Website by AQEEL FAROOQI  

 


 

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OTHER ARTICLES

Problems of identification of camera-trapped tigers
Indian Wildlife - challenges in the new millennium
The greying of India
On the road to extinction
A Tribute to Rumbha - the elephant  
State development project threatens state bird - Sarus
Shahtoosh ban gains momentum worldwide
The road to disaster
Killing nilgais in the name of crop protection
Warring NGO's may spell doom for the tiger
Where have all the sparrows gone?
Cuckoos that fly out of crows' nests
Corbett park woes continue to mount
A question on post mortem examinations in the wild
Is it time to 'cry wolf' again?
Lifting of US sanctions may boost wildlife conservation
Migratory waterfowl may be hit by war in Afghanistan
UP wetlands to provide improved habitat to waterfowl
Anthrax as a potent wildlife killer
Man-elephant conflict takes heavy toll
Demoiselle cranes fly to safety in India
How long lasting are conservation victories
Fake tiger skins : a knotty disguise
Who cares for the wild here anyway?
A tribute to Charger - the long living tiger
Draining of wetlands threatening wildlife
Wildlife management needs rapid response units
Dudhwa loses another tiger
Indian Wildlife Board meets after five years
 

 WILDLIFE WINDOW | Aqeel Farooqi

Hindustan Times, Lucknow | Aug 22, 2002

 

WHERE HAVE ALL THE SPARROWS GONE?

The threat to species continues. As the inexorable juggernaut of human development rolls on, it leaves little or no elbowroom for other life forms to cling on tenaciously to the thread of survival. Whether it is the forest or urban environs, so many species are being pushed surely and steadily over the brink of extinction that one now tends to lose count. Although the larger and more well recognized endangered species have strong conservation groups supporting their struggle for existence, but for commoner species these threats are so imperceptible that conservationists get the chance of ringing the warning bells only long after the damage is done. 

One victim of these imperceptible threats is Passer domesticus, the common house sparrow. As its name suggests, it is one of the bird species that have always been closely associated with us in our urban environment. A bird so ubiquitous, that it had almost become a part of our lives. More often than not, it was the sparrow which was the ‘chiya’ that parents pointed out to the bubbly infant in their arms - sometimes as the first lesson in making him aware of the wonders of his new world, or as a distraction to stop his streaming tears when he cried inconsolably in anger or in pain. As he grew up, they regaled him with stories of ‘chiriya-chidda’, in which the central characters were none other than sparrows.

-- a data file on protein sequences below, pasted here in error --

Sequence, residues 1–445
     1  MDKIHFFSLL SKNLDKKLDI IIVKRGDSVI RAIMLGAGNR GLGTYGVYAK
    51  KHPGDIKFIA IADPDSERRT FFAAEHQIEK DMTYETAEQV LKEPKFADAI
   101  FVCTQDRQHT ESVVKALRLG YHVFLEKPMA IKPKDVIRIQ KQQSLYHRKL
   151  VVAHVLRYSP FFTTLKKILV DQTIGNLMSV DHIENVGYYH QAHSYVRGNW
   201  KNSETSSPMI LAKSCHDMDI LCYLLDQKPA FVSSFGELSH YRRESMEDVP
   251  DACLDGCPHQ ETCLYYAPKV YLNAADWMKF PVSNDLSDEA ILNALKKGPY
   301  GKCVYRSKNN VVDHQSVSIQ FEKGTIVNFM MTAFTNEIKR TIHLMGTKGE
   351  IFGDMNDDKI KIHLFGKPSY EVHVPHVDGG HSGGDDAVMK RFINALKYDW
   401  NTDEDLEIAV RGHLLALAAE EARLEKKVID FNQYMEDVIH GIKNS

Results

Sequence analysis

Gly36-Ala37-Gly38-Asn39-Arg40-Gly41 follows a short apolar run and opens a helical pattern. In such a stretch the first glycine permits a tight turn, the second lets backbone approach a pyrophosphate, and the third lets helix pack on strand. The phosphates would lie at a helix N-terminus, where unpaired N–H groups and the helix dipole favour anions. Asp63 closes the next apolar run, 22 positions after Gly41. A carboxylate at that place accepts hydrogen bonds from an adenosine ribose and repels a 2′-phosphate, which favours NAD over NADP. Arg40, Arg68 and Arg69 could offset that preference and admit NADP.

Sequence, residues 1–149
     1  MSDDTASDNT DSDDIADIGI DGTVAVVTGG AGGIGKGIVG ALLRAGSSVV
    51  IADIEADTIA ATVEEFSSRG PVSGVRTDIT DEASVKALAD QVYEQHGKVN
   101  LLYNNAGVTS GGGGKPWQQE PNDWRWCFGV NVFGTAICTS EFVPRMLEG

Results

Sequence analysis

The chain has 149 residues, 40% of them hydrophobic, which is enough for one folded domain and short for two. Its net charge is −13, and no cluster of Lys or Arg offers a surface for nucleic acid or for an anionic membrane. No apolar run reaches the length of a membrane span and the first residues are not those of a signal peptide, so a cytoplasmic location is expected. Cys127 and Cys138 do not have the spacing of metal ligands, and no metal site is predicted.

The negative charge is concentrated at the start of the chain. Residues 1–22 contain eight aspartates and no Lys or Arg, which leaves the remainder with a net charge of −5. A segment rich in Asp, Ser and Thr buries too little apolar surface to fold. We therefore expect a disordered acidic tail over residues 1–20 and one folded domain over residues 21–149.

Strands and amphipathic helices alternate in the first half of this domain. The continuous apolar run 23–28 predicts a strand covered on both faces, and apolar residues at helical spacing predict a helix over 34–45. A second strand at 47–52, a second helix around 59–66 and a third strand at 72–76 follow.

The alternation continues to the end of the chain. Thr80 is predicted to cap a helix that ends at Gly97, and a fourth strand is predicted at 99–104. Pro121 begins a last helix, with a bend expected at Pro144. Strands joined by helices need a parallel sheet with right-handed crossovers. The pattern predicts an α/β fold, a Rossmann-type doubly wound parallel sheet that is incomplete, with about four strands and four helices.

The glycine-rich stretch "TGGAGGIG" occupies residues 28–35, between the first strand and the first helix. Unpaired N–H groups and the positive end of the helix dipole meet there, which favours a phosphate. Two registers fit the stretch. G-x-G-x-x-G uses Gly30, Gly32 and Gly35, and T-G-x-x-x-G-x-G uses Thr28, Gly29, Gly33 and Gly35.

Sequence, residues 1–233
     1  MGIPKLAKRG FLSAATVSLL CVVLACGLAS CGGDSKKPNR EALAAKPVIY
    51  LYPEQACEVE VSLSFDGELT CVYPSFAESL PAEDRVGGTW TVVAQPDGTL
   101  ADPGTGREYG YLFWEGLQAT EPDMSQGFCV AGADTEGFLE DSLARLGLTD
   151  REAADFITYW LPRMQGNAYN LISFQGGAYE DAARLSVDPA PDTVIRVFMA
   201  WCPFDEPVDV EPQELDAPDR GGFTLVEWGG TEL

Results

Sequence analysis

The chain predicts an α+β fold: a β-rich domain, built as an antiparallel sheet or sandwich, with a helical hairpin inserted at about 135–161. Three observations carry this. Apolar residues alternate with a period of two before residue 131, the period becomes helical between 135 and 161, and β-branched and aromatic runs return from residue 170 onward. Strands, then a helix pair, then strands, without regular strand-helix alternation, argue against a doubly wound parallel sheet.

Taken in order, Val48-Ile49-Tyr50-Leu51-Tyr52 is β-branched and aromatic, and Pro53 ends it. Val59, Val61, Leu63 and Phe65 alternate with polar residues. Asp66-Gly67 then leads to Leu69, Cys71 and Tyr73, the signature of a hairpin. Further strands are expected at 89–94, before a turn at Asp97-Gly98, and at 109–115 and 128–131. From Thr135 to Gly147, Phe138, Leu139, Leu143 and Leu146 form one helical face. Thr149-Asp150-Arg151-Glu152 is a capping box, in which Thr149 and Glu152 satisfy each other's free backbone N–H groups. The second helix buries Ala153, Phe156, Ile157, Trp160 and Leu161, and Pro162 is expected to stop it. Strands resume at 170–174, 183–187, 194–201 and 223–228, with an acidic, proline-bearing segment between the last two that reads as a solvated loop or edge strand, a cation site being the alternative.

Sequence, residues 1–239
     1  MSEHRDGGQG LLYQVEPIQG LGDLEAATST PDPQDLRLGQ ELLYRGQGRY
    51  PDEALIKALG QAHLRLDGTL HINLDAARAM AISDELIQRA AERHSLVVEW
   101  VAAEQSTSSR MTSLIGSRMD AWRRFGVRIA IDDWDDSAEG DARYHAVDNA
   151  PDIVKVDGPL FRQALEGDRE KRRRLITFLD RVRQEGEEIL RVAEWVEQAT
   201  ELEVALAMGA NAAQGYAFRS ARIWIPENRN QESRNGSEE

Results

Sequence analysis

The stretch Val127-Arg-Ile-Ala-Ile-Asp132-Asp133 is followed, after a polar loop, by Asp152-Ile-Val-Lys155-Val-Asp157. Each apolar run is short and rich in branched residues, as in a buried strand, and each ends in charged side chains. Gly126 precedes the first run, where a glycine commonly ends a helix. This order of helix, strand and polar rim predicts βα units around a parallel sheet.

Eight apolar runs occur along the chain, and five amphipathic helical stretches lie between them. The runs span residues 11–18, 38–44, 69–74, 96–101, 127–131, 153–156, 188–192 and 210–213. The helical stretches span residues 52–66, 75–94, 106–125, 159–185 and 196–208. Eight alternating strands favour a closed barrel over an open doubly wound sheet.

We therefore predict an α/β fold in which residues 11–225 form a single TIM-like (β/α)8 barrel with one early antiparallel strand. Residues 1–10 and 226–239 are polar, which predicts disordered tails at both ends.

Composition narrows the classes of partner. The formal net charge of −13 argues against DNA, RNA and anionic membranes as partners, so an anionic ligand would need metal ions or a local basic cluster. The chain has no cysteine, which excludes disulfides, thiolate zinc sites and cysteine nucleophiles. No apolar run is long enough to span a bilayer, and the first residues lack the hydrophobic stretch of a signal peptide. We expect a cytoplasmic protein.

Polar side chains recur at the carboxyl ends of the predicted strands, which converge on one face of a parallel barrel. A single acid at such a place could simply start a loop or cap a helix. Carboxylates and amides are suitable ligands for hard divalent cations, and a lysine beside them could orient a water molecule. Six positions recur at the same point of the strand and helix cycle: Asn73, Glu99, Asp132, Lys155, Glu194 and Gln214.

Our homes always had sparrows as co-habitants. Any wooden rafter, crevice in the wall or the cup in the ceiling fan, was confidently staked by the sparrow to build its nest. Its initial forays, when it was searching for a nest-site, were strongly repulsed. But once it succeeded in laying its claim to a nesting site, we tended to let it go on unhindered. Although it turned out to be a nuisance for the house mistress because of the wispy nest material falling all over the place, it was tolerated with good humour since it contained eggs, and to demolish it was anathema to most. Later, as the hatchlings emerged, they often wriggled too vigorously in their quest for food and fell out of the nests, but were promptly replaced by us with tenderness and care. The ones that didn’t survive found teary eyes and willing little hands that laid them gently to rest in impromptu graves dug in the backyard.

But all that is now a thing of the past. Our homes are now drearily silent without the twitter and chirrup of the sparrows, which seem to have either gone into oblivion or have forsaken us in our mad race in the material world. With our beautifully constructed houses and rooms of isolation, we effectively banished the sparrow from our environs. The older generation, for whom feeding the birds was akin to puja, has mostly passed away. The younger generation, with its hard-working couples in single unit families, has neither the time nor the inclination to bother about such mundane distractions as putting out food for the birds. Besides, thanks to the fridge and the changed culinary setup, nothing qualifies as leftovers.

 And so, with no food and no place to qualify as home, the poor sparrow has all but made a quiet exit from our lives. Only a few die-hard stragglers remain, to make us more acutely aware of their plight. There may not be any research conducted, and no questions may be asked to explain this loss. After all, the sparrow does not have any NGO rooting for its survival as there are for other high-profile species.

 But to those of us who grew up chasing sparrows during the hot summer afternoons, after making stealthy escapes from strictly enforced siestas, the cheerful chirrup from even one sparrow today is enough to gladden our hearts.